Wasting Light

Wasting Light

by Foo Fighters
4.2 10

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Overview

Wasting Light

Foo Fighters’ anxiously anticipated seventh album, Wasting Light, produced by Butch Vig and mixed by Alan Moulder, was recorded entirely on analog tape in the garage of Dave Grohl’s home in California’s San Fernando Valley.

The new record marks the Foo Fighters’ first full length effort with legendary producer Butch Vig, who previously produced new tracks “Wheels” and “Word Forward” on 2009’s Greatest Hits and with whom Dave Grohl (of course) first worked on Nirvana’s classic Nevermind.

Nirvana co-founder Krist Novoselic also makes a cameo, contributing bass and accordion to “I Should Have Known,” while former Nirvana touring guitarist and longtime extended FF family member Pat Smear now joins the permanent FF core of Grohl, Taylor Hawkins, Nate Mendel and Chris Shiflett. From the Label

Product Details

Release Date: 04/12/2011
Label: Rca
UPC: 0886978449320
catalogNumber: 784493
Rank: 19951

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Wasting Light 4.2 out of 5 based on 0 ratings. 10 reviews.
Anonymous More than 1 year ago
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mAlformEd More than 1 year ago
Reading through a recent issue of an audio magazine I saw a write up on ths album's production. Along with Praise for Butch Vig's contributions, there was extensive attention paid to the lack of digital processing anywhere. Insteda of using Pro Tools to tighten up a rhythm part or correct pitch, everything went to tape, and any editing was done the old fashioned way (presumably with a razor blade). In my opinion, the performance and the quality of the amps is more essential than a reel of tape, but what do i know? The results seem to speak for themselves; the album has a very rich saturated sound that is hard to produce in digital. I have no favorite track, but I think the whole album warrants a listen.
Anonymous More than 1 year ago
GoldSounz More than 1 year ago
Grohl finally decided to take the gloves off, put away the acoustic guitars, deal with some demons pent up some "Nevermind" and deliver the best group of songs since Color and Shape and the hardest rocking set maybe in their catalog. It really is a tour de force, even if that terms gets thrown around too much, because each song attacks in a different way. And Butch Vig seems to have a certain magic that he reserves for Dave because the production is great and kept simple.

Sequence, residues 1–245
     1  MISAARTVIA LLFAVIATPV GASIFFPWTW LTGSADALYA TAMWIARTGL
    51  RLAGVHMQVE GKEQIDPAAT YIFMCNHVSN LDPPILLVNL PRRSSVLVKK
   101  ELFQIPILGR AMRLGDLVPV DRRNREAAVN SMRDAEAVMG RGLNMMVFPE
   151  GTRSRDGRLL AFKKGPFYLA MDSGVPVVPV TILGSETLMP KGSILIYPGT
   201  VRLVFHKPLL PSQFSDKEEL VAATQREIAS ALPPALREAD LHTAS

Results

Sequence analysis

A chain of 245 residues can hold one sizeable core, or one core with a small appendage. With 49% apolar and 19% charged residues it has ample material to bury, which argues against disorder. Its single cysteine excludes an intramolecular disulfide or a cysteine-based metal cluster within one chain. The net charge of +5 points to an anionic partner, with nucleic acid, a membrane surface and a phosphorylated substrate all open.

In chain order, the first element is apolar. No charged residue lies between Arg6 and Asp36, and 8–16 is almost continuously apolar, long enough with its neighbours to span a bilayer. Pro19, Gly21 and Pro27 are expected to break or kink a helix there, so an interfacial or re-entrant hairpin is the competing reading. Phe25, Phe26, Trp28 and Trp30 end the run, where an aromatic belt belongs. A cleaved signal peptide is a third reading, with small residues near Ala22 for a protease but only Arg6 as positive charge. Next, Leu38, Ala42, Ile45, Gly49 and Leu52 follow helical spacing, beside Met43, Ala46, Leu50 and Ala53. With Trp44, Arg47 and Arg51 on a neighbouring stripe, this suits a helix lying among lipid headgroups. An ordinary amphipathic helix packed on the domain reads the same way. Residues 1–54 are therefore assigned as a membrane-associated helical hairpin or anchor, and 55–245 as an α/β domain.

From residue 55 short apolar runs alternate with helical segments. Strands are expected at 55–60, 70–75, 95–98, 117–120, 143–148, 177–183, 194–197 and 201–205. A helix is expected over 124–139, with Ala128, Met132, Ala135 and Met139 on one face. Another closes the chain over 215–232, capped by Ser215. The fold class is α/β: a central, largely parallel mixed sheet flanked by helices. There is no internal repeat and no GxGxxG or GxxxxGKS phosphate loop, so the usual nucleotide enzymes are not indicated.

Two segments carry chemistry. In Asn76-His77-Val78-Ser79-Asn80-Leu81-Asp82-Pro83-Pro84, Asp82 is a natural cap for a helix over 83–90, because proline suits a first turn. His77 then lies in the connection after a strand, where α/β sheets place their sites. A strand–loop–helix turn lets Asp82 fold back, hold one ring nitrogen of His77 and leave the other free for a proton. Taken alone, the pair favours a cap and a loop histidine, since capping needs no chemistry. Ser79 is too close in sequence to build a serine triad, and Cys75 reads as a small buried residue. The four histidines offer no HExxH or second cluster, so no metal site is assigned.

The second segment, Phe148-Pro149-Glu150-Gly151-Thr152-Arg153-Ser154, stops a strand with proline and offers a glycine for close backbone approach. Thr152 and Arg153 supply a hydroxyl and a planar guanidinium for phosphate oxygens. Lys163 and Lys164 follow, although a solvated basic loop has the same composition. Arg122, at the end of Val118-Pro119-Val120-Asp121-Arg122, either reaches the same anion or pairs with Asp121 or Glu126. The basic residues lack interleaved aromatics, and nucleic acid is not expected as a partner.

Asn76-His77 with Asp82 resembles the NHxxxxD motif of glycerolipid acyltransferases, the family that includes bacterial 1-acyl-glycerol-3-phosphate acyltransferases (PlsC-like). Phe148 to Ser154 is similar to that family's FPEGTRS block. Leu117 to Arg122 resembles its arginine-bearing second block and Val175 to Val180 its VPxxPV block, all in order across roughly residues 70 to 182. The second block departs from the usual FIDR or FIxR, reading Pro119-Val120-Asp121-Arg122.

Juared More than 1 year ago
I listened to this album on their website, although I did preorder it on vinyl. It has some of the sound of Nirvana, it's definitely more on the grunge side than other Foo Fighters albums. Krist Novoselic, Nirvana's bassist, plays on I Should Have Known. Some parts near the end remind me of Nirvana's first album, Bleach. More on track, I'll review each individual song. Bridge Burning has a somewhat Breed-esque sound (Breed as in the Nirvana song), except a little less aggressive vocals. It has some of the chromatic chord progressions that the Foo Fighters are famous for. Rope isn't so similar to Nirvana (which I keep talking about, I'll try to refrain from that.), it's more of a Foo Fighters kind of thing. The guitar at the beginning and near the end is a nice touch. The drum beats aren't ridiculously simple, but not ridiculously complex either. The ride cymbal during the chorus is a nice touch. Dear Rosemary is a little more mellow, and also has the famous chromatic chord progressions (which are when the chords are in a pattern where they just go up and then down, an example would be a I-II-IV-VI-IV-I progression.), the lyrics are a little (deeper, shall I say?) than the previous tracks. The bridge about 3/4 through the song is a nice touch, it sounds almost emotional, despite the simplicity. White Limo is a lot more aggressive than Dear Rosemary. The vocals sound like Dave is singing through a megaphone. There's a decent amount of chunky palm-muting sounds with the guitar, and a classic kind of Foo Fighters drum sound. There's some awesome Dave screams too. The bass doesn't stand out a whole lot though, the bass lines are fairly simple. The music video, which you can watch on the internet, obviously isn't a heavily budgeted video, but it's humorous, which is probably better than a "cool" music video. It reminds me of Nirvana's movie, "Live! Tonight! Sold Out!," in which the band mostly just messes around. Arlandria sounds a lot like punk at first, but then after you realize it's calmed down, it sounds more chill. Then the almost nursery-rhyme-like part before the chorus is a nice transition to a fairly lightly distorted chorus. The lead guitar sounds nice, it's still simple but awesome. Again, the chromatic chord progression is fairly obvious. 3/4 through, a nice drum beat with toms comes in with the basic guitar riff, then Dave sings, building up to a famous Dave scream. These Days calms down a little more. It kind of sounds a little folkish, if I do say so myself. The tempo is slower. The distortion is lighter. Simple chord progressions should be noted. Not a whole lot else to say. Back and Forth, which is also the name of their movie coming out in theaters on April 5th only. (I'll go to it, it's going to be awesome.), is great. It gets heavier, which is a nice touch from the previous 2 songs. The bass stands out. The drums are simple. Parts of it remind me of Learn to Fly a lot. The general sound sounds fairly happy. A Matter of Time starts out sounding like older Nirvana, reminds me of (New Wave) Polly, which was on Nirvana's album, Incesticide. It turns out to be a little calmer than that, it has some fairly fast palm muting, with simple drums (What were you expecting, something like Everlong's drum track?). Almost half way through some (what sounds like) vibrato guitar playing comes in, it sounds nice and somewhat like These Days. I don't have any more room, so check this album